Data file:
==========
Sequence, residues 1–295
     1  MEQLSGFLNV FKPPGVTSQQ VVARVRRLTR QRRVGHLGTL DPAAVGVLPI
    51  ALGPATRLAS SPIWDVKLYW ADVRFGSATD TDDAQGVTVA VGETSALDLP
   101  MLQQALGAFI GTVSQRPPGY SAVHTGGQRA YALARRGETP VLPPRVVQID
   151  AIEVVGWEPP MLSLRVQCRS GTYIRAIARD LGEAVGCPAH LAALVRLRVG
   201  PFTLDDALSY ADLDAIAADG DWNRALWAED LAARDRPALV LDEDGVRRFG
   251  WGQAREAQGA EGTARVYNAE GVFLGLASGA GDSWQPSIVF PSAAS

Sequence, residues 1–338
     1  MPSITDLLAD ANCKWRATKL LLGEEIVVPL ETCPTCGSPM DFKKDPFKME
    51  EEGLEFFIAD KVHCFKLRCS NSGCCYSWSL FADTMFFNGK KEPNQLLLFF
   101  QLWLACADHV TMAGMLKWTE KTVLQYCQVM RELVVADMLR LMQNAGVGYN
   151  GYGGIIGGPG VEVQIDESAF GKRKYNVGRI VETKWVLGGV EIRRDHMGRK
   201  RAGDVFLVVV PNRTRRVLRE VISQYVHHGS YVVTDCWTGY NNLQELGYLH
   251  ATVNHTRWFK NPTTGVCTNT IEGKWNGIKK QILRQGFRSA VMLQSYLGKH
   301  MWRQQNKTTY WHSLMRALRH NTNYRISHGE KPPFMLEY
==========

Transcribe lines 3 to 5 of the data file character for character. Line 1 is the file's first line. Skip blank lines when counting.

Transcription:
    51  ALGPATRLAS SPIWDVKLYW ADVRFGSATD TDDAQGVTVA VGETSALDLP
   101  MLQQALGAFI GTVSQRPPGY SAVHTGGQRA YALARRGETP VLPPRVVQID
   151  AIEVVGWEPP MLSLRVQCRS GTYIRAIARD LGEAVGCPAH LAALVRLRVG